23. A planting container construction as defined in claim 22, wherein each of said ribs is formed to have two longitudinal sides which converge radially inwardly of said container construction substantially to an axially extending line, the lower end of which intersects said line of intersection of two adjacent sides of said four-sided pyramidal surface.
24. A planting container construction as defined in claim 23, wherein said sleeve includes means for removing said sleeve from said ribs.
25. A container for growing a seedling and for insertion in the ground in a planting operation, said container comprising a bottom nose section and a hollow shank section connected to and extending upwardly therefrom, said nose section presenting a ground penetrating tip configuration, and said shank section including removable wall means for laterally exposing a substantial area of the growing medium and root area of any seedling growing in said container immediately prior to any insertion of said container in the ground in a planting operation, said shank section comprising a plurality of spaced-apart elongated members extending longitudinally of said shank section, and said removable wall means comprising a tubular sleeve member formed of a thin flexible plastics film in encircling contact with and supported by said elongated members.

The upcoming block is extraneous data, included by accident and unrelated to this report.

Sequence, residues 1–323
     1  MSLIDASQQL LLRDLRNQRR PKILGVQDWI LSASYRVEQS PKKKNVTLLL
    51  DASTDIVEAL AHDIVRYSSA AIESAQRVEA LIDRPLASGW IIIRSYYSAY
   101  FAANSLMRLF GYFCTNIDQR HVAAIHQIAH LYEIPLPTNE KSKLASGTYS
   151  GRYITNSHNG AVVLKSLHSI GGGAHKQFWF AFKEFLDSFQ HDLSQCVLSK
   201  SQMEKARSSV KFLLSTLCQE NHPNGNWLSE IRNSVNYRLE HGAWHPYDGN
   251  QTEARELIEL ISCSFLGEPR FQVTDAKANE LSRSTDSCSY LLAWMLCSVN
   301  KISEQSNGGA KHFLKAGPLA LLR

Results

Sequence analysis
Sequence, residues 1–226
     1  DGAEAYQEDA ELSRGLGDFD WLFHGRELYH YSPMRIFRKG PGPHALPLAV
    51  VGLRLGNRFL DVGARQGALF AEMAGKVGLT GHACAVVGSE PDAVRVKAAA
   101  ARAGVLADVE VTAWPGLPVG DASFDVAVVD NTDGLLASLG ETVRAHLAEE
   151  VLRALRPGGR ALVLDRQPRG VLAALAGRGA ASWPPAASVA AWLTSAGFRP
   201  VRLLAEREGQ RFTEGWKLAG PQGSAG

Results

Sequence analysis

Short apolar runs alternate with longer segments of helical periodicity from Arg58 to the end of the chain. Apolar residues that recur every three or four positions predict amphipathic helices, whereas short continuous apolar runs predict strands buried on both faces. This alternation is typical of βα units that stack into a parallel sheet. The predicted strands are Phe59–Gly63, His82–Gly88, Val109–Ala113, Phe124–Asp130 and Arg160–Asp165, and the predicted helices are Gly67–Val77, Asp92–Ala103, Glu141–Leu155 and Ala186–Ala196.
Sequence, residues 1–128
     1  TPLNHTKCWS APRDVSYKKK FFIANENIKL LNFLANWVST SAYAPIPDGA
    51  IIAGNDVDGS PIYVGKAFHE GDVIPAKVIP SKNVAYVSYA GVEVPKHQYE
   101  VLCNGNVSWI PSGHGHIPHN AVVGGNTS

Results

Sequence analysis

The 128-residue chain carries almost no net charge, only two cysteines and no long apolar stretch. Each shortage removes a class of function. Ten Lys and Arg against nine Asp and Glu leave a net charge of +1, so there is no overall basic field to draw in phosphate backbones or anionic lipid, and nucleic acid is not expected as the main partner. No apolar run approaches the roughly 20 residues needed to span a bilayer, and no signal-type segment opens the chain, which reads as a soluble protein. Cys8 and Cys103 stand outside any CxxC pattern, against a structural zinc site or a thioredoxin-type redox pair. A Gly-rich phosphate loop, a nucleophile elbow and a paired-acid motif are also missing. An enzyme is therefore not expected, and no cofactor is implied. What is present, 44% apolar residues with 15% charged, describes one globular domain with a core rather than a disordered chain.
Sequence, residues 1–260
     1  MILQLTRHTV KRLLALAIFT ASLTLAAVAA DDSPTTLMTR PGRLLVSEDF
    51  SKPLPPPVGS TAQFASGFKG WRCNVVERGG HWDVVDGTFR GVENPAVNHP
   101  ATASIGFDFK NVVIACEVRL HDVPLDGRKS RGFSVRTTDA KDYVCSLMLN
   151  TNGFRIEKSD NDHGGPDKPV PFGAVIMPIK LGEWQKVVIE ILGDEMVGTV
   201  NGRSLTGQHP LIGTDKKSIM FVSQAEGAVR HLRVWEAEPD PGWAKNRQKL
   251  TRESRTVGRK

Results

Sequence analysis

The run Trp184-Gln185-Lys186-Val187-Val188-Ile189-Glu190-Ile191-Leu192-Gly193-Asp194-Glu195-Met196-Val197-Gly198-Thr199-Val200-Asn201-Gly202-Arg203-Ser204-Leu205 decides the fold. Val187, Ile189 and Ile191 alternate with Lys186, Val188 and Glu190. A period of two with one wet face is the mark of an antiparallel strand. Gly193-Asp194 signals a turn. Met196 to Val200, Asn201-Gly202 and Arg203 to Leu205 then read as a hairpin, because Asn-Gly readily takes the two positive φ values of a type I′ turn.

26. A container as defined in claim 25, wherein said plastics film comprises a black opaque plastics film.
27. A container as defined in claim 25, wherein said tubular sleeve member is further formed of a heat shrinkable plastics film and is heat shrunk about said elongated members.
28. A container as defined in claim 25, wherein said plurality of elongated members comprise four elongated members disposed about and extending upwardly from the upper end of said nose section in a substantially parallel equally spaced-apart relationship.
29. A container as defined in claim 28, wherein each of said elongated members is curved in transverse cross section and lies within a circle smaller in diameter than the outer diameter of the upper end of said nose section.
30. A container as defined in claim 29, wherein the upper end of said nose section radially outwardly of said circle comprises an annular shoulder formed to receive a tubular planting tool thereon for inserting said container in the ground.
31. A container as defined in claim 29, and shoulders integrally formed on each side of the upper ends of said elongated members and said shoulders extending circumferentially of said circle in which said curved elongated members lie, and said shoulders having lengths such that the extending ends of adjacent shoulders are spaced-apart a predetermined distance.